Empty. Clean. Dry.

Those three criteria need to be applied to all items placed in any of the recycling containers located in Page County communities.

The condition of the material is especially important at present because of a new reality in the recycling industry.

“The mills are being very tough on grading materials in today’s market,” said Brian Ward, manager of Page County’s landfill and recycling services. “There have been a lot of changes in the last three years, with the overseas markets pretty much stopped.”

Before taking items to specific collection points, people need to make sure that no residue remains in glass jars, tin cans or plastic jugs and bottles, and that they are free of moisture after they have been rinsed out.

“Plastics are probably the biggest thing that doesn’t come in here cleaned out,” Ward said. “That’s what the mills are complaining about.”

Regarding paper products, Ward said recycling companies “don’t want anything that’s wet at all.” That includes such items as pizza boxes into which grease has seeped.

The changes required in the condition of items intended for recycling have been noticed. “I’ve had people say, ‘They used to take it,’” Ward said, referring to what was acceptable previously. “Well, they did.”

But that situation has ended. “So if people can remember to bring in things empty, clean and dry, that will help to move recycling along,” he said.

Due to the fact that the involvement of overseas markets in the recycling industry has been curtailed, “the U.S. markets have become flooded with material,” Ward said. “And now they’re just being very picky on what they want. They only want the ‘best of the best’ right now, because they can.”

He said that currently the recycling markets are “the lowest I’ve ever seen them. A lot of companies are charging pretty large rates to bring the recycling to them.” Two firms in Omaha have imposed fees for collecting items.

“But we’re not doing that,” he said, noting that the county is striving to improve local recycling operations.

As an example, he said the county was working with the Iowa Department of Natural Resources on a grant “to modernize and make it more efficient for us to sort glass.”

The collection containers into which glass can be deposited have been relabeled. “We’re trying to educate people on what they should be putting in, and what they should not be putting in,” Ward said.

Also, he said, all items taken to collection containers should be put in the receptacles loose -- not bagged.

He said the restrictions companies have implemented on items they will accept likely reflect a long-term trend. “I don’t foresee any uptake in the markets,” he said. “I think U.S. markets are going to keep being tough on the grading. They want the good stuff.”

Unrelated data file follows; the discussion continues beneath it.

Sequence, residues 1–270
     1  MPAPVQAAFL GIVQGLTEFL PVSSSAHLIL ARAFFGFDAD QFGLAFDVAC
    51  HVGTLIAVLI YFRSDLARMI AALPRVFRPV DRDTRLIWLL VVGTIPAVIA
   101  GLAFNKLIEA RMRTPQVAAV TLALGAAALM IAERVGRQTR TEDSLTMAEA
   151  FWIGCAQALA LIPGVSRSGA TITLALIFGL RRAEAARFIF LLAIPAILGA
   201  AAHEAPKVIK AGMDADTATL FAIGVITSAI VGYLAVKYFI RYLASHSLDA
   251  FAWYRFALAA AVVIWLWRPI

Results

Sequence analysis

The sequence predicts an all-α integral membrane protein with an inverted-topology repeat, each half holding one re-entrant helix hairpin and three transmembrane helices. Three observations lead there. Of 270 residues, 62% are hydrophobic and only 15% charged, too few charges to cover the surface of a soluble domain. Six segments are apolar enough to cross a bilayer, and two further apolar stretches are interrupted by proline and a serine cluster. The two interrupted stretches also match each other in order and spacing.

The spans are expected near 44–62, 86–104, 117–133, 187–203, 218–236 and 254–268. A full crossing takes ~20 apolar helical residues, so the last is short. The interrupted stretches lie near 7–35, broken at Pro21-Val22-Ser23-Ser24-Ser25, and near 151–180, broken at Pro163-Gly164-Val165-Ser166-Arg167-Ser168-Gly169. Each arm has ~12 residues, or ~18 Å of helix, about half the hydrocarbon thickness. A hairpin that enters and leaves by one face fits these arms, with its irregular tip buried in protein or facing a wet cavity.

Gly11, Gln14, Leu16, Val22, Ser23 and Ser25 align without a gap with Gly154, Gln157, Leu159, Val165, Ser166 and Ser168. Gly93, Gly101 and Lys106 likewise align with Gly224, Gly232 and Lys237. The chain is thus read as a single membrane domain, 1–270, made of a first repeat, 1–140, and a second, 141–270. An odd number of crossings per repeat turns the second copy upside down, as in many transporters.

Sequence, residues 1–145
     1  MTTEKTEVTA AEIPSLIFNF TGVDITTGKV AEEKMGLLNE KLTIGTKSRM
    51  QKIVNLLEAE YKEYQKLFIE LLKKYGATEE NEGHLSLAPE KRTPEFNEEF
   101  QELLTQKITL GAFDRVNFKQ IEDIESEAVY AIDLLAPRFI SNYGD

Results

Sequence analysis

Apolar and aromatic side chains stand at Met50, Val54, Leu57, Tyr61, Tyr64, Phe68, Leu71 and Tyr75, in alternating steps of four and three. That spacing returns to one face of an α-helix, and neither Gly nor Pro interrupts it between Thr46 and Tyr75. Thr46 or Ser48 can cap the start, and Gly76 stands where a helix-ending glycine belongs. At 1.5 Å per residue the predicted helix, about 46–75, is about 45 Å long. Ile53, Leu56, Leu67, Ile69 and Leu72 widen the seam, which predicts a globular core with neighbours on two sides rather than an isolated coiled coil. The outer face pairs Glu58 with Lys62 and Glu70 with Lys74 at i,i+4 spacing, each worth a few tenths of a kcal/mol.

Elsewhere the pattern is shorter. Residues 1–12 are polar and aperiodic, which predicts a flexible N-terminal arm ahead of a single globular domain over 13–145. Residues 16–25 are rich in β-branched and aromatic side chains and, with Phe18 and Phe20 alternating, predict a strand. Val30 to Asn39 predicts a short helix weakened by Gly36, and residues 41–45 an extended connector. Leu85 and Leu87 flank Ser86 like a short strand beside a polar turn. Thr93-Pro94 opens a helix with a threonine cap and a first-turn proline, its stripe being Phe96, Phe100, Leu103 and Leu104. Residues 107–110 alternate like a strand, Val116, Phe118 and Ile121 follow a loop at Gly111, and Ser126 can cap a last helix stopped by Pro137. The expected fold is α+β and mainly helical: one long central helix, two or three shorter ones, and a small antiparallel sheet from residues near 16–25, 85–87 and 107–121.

Despite the challenges that exist, Ward said that “recycling is still the right thing, the ‘green’ thing, to do. It’s just gotten more difficult since these mills are very picky on what they want.”

But, he added, if people can be informed and educated about the changes, the recycling effort can continue. “Page County, the landfill here, is still supporting it,” he said. “We’re not subsidized. We’re still putting money into it. It’s a great thing to do.”

Two new containers for items to recycle have been placed in Clarinda -- one in the parking lot at Fareway and another at the NSK plant. Containers are also at the parking lot by McDonald’s and Hy-Vee.

In addition, containers are located at sites in Blanchard, Braddyville, Coin, College Springs, Essex, Northboro, Shambaugh and Shenandoah, and at the landfill west of Clarinda.

Acceptable recycling items include Number 1 through Number 5 plastics, such as butter tubs, laundry detergent bottles, milk jugs, pop and water bottles, and yogurt containers (rinsed, smashed, with lids removed); aluminum and metal, such as food and beverage containers, foil and pie tins (rinsed with contents removed); cardboard, including cereal and packing boxes (broken down and flattened), chipboard and paper bags; clear glass food and beverage containers (rinsed with lids removed); and mixed paper, such as books, computer sheets, envelopes, magazines, newspapers, office paper and “junk mail.”

Unacceptable items include absorbent paper; diapers; dog food bags; ceramic dishes; colored glass; compact fluorescent and fluorescent bulbs; glass dishes or drinking glasses; light bulbs; paper cups and plates; plastic bags; plastic with no recycling triangle and Number 6-7 plastic; Styrofoam; syringes; vinyl siding and window glass.

The plastic number is usually stamped somewhere on the container.

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